Senate Republican Leader Mitch McConnell is blasting Democrats for poor leadership after they stalled the vote on President Joe Biden‘s $1.2 trillion infrastructure plan amid holdout from party members.
McConnell, releasing a statement Saturday, accused the Democrats of ‘letting the radical left run Capitol Hill.’
‘This unified Democratic government must stop putting radical wish-lists ahead of basic governance or they will thrust our nation into even more foreseeable and avoidable crises on their watch,’ he said.
McConnell’s criticism comes as Biden and House Speaker Nancy Pelosi have each expressed their frustrations with the stalled legislation, emphasizing that passing both the infrastructure bill and reconciliation package is essential for Americans.
Senate Republican Leader Mitch McConnell has accused Democratic leadership of ‘ letting the radical left run Capitol Hill’
The Republican leader called out the Democrats for delaying the infrastructure vote for a third time, arguing that they are unable pass the legislation despite the party controlling the White House and Congress.
‘Democrats control Washington but cannot govern,’ McConnell said.
‘They can’t even pass the bipartisan infrastructure bill that President Biden negotiated and Speaker Pelosi promised she would pass this week.’
Additionally, he accused the party of putting the American people in one of the worst positions the country has seen in the last three decades.
‘Socialists like Sen. Bernie Sanders rallied against the Administration’s infrastructure bill and defeated it. With Americans already suffering the worst inflation in 30 years, Democrats have taken our roads, bridges, ports, airports, and waterways hostage to ram through an historically reckless taxing and spending spree that would hurt families and help China,’ he said.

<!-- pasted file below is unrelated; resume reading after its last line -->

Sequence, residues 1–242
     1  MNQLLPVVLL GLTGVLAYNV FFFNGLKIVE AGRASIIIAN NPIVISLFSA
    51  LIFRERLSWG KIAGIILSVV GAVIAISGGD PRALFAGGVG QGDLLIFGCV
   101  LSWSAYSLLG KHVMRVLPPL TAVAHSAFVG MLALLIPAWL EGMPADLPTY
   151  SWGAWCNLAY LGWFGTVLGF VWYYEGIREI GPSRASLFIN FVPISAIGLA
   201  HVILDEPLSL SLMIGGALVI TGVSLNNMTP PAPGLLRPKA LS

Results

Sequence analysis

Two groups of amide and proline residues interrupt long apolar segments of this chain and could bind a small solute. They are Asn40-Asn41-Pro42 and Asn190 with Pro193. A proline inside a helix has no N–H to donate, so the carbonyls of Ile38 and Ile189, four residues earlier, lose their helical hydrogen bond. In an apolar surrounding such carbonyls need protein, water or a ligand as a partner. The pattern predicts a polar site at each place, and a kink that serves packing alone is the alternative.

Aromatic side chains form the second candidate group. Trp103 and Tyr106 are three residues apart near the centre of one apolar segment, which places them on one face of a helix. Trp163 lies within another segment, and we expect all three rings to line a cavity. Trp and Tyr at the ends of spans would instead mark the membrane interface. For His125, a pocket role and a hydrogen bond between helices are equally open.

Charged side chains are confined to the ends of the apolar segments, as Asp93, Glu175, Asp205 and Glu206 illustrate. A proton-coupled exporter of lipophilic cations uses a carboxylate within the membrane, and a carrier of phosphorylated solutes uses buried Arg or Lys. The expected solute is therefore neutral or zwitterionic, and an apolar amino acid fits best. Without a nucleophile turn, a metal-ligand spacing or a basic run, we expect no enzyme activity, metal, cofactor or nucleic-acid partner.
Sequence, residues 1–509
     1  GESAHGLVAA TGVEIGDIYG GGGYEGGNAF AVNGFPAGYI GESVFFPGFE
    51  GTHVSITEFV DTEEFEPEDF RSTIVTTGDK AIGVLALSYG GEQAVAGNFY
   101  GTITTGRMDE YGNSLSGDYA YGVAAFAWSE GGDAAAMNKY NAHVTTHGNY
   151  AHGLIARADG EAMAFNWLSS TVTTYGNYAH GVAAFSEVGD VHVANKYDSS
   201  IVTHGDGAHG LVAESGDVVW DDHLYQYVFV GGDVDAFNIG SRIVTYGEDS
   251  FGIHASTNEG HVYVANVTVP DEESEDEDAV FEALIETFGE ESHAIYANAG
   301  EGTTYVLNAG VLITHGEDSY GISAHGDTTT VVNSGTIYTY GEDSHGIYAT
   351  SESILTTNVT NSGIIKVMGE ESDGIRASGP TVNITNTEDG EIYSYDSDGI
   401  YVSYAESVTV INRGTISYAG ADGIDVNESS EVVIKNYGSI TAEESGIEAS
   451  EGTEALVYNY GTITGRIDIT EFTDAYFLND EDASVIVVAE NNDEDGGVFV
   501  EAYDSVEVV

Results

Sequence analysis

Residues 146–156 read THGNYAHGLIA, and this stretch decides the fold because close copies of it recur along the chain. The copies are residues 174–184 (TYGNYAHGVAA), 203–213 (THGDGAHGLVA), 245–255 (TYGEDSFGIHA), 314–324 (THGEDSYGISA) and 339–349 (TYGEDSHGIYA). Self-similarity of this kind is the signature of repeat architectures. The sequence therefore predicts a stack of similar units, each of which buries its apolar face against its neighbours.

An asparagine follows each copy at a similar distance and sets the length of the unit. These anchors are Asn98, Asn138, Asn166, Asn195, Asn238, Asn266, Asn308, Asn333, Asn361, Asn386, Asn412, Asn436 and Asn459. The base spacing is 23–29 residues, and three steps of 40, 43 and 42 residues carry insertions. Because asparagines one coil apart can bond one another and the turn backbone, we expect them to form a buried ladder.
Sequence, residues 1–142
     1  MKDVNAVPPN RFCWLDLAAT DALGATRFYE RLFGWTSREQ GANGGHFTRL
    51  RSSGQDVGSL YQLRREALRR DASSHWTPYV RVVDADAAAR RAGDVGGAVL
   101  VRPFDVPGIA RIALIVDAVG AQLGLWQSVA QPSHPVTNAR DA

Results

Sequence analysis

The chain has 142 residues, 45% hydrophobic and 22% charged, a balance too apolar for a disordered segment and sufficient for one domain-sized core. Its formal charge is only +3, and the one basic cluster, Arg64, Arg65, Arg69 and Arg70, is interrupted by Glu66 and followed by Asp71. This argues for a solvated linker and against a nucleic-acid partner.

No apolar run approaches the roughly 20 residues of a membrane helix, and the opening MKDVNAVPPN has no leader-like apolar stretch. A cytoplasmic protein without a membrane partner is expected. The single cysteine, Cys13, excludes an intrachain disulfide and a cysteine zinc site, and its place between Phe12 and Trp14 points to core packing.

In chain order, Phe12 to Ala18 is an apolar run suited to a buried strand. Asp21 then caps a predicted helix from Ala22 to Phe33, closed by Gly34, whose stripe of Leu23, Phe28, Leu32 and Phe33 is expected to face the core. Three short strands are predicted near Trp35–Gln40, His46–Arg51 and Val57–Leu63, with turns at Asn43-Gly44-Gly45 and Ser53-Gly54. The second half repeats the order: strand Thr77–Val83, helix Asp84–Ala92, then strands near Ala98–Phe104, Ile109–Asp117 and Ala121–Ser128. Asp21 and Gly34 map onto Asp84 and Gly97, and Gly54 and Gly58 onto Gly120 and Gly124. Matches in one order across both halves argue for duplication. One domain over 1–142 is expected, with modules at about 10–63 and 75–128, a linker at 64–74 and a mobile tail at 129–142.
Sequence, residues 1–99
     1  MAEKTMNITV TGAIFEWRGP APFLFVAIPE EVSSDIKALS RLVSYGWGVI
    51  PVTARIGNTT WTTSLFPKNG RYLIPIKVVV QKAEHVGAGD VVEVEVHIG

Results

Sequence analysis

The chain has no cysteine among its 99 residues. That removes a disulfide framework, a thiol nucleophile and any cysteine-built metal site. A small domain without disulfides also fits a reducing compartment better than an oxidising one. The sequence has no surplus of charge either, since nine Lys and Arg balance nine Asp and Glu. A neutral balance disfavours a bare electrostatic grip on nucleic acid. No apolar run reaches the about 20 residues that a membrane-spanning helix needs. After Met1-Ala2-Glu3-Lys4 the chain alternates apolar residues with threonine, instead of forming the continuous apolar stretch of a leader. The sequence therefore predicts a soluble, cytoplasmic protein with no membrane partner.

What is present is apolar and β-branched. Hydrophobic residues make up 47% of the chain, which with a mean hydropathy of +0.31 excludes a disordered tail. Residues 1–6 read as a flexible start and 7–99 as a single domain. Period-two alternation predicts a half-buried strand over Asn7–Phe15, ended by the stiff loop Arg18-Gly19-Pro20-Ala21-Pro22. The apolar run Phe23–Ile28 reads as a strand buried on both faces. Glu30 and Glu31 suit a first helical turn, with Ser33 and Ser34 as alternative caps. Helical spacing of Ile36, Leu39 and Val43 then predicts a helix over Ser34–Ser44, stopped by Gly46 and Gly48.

McConnell released a statement on Saturday in response to House Speaker Nancy Pelosi delaying the infrastructure bill vote for the third time
McConnell also slammed the party for its internal conflict, indirectly calling out the leadership’s inability to appease the moderate Democratic budget holdouts — Senators Joe Manchin and Kyrsten Sinema.
‘While Democrats waste weeks arguing with each other, they’ve ignored basic governing duties,’ he wrote.
‘On Thursday, Senate Democrats’ mismanagement brought us close to a government shutdown. And for two and a half months, this all-Democrat government has known they will need to use a fast-track party-line process to raise the debt ceiling, but have done nothing.’
Pelosi — who previously vowed to bring the measure to the floor on Monday and Thursday — has admitted that ‘more time is needed’ to pass the legislation after the two sides failed to reach a deal on the broader $3.5 trillion spending package.
She issued a letter Saturday to fellow Democrats stating that she wants the legislation to be passed before the end of the month.
‘There is an October 31st Surface Transportation Authorization deadline, after last night’s passage of a critical 30-day extension. We must pass [Bipartisan Infrastructure Framework] well before then – the sooner the better, to get the jobs out there,’ Pelosi wrote.
‘We will and must pass both bills soon. We have the responsibility and the opportunity to do so. People are waiting and want results.’
Biden echoed her message, saying: ‘Everybody’s frustrated, it’s part of being in government, being frustrated.’
Both President Joe Biden (left) and House Speaker Nancy Pelosi (right) have argued that passing both the infrastructure bill and reconciliation package are necessary for the good of the American people
BREAK DOWN OF THE $1.2T BIPARTISAN INFRASTRUCTURE BILL
$110 billion for roads and bridges
$39 billion for public transit
$66 billion for railways
$65 billion for expanding broadband internet
$25 billion to repair major airports
$7.5 billion for the first-ever network of charging stations for electric vehicles
$21 billion to respond to environmental concerns like pollution
$73 billion to modernize America’s energy grid